As happens with nearly every scripted series that premieres after the Super Bowl — irrespective of network — Fox’s “24: Legacy” had a soft time slot debut the day after the Big Game. The expansion of the Jack Bauer universe brought in a 1.5 rating in the advertiser-coveted 18-49 demographic and 6.19 million viewers. Hi-tech cop drama “APB” premiered to a 1.5 and 6.11 million viewers, retaining its lead-in nicely. Both series were an improvement upon the slots’ fall occupants (“Gotham” and “Lucifer”), though it’ll take a few more weeks of data to get a real sense of their audiences.

The “24: Legacy” premiere on Sunday night had the misfortune of starting at 11 p.m. on the East Coast, leading to a smaller than usual post-Super Bowl crowd to sample the series. Post-Super Bowl premiere ratings, too, seldom augur success or failure for a series, being more of an indicator of who left their TV on following the presentation of the Lombardi Trophy.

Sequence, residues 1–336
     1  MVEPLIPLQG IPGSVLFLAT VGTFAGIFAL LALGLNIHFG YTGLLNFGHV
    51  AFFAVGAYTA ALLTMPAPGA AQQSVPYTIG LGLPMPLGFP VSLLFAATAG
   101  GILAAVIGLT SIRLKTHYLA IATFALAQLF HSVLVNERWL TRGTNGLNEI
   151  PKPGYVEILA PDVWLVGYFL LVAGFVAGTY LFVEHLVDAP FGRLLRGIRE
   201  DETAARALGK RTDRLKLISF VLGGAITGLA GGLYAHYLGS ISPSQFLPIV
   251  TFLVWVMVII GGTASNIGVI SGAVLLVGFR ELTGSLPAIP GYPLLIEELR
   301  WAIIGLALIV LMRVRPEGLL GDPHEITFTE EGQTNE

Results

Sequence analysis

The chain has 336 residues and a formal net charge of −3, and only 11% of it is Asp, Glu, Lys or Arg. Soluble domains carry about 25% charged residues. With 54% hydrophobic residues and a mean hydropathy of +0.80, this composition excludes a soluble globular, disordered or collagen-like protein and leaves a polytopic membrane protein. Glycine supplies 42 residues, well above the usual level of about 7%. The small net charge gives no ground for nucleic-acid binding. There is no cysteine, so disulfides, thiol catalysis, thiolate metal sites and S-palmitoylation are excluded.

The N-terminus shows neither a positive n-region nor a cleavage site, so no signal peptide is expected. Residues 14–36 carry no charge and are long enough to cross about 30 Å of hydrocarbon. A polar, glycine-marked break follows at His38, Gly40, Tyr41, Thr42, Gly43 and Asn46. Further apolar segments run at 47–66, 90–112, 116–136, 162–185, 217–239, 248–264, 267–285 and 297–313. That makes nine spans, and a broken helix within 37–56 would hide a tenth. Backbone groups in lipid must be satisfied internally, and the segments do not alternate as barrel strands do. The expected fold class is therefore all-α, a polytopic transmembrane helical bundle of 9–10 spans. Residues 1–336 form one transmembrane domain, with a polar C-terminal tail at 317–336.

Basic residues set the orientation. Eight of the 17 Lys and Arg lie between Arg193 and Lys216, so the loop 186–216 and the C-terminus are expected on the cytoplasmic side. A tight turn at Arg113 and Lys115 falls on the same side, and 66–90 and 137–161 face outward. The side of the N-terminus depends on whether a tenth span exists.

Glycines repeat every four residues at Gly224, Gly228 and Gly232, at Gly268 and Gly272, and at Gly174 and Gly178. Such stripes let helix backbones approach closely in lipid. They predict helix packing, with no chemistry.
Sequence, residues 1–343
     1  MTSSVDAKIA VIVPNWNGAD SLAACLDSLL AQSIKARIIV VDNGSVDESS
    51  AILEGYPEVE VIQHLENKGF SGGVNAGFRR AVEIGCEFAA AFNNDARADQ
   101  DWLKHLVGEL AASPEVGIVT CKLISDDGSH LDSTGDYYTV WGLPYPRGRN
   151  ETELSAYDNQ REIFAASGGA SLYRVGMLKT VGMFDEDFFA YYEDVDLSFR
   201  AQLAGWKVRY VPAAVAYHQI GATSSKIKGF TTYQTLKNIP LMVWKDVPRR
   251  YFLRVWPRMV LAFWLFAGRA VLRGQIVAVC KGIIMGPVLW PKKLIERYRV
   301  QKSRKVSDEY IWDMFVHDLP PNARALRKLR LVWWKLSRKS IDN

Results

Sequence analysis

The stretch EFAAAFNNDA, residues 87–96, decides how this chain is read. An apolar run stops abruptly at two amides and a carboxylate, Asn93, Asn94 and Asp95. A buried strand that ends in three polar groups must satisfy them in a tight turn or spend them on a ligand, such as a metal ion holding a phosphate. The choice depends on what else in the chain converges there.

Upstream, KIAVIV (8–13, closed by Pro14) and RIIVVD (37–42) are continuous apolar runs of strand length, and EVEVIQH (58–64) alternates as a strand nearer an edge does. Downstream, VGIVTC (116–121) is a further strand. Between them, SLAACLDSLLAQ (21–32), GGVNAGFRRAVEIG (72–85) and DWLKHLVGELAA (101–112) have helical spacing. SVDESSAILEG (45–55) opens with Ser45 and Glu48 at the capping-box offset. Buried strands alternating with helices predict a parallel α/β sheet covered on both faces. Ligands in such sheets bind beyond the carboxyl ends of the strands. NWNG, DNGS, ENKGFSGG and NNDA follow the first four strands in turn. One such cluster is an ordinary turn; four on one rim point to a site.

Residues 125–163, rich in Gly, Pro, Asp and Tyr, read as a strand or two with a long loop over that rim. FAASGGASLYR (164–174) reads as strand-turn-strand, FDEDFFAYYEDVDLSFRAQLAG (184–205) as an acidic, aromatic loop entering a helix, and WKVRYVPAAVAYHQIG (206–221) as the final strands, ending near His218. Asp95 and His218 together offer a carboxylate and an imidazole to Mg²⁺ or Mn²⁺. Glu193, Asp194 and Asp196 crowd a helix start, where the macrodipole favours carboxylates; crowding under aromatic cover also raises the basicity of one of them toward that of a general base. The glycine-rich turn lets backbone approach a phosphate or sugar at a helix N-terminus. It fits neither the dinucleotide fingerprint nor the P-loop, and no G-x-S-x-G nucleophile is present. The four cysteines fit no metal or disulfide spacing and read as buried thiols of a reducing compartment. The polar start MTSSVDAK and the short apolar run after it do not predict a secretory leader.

ABC’s “The Bachelor” won the night, as usual, with a steady 2.3 in the demo and 7.35 million viewers. “Quantico” still ticked down, though, to a 0.7 in the demo and 2.68 million viewers.

CBS’s “Kevin Can Wait” came back from a week off with a 1.5 in the demo and 7.85 million viewers. “Man With a Plan” ticked up to a 1.4 and 7.23 million. “Superior Donuts” drew a 1.3 and 7.31 million viewers. “2 Broke Girls” matched that demo but brought in 5.95 million viewers. “Scorpion” notched a 1.2 and 7.71 million viewers.

NBC had a rough evening. “The New Celebrity Apprentice” fell again to a 0.9 in the demo and 3.43 million viewers. “Timeless” sunk to a low 0.6 in the demo and 2.94 million viewers.

On The CW, “Supergirl” held steady with last week with a 0.7 and 2.4 million viewers on the whole. “Jane the Virgin,” with its shocking death, was also steady with a 0.3 and 980,000 viewers.

As a reminder, most of these series will see lifts of 50% or more once viewership within three and seven days is counted. However, most of those gains won’t translate to the ratings guarantees networks make advertisers.